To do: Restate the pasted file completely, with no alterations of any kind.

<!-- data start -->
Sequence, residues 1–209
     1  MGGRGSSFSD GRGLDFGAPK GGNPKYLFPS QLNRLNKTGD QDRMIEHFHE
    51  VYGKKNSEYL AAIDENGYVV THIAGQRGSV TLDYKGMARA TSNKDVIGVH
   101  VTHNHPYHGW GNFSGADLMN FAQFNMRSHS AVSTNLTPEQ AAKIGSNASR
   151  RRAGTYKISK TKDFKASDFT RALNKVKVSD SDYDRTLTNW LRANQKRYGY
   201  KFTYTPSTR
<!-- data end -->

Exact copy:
Sequence, residues 1–209
     1  MGGRGSSFSD GRGLDFGAPK GGNPKYLFPS QLNRLNKTGD QDRMIEHFHE
    51  VYGKKNSEYL AAIDENGYVV THIAGQRGSV TLDYKGMARA TSNKDVIGVH
   101  VTHNHPYHGW GNFSGADLMN FAQFNMRSHS AVSTNLTPEQ AAKIGSNASR
   151  RRAGTYKISK TKDFKASDFT RALNKVKVSD SDYDRTLTNW LRANQKRYGY
   201  KFTYTPSTR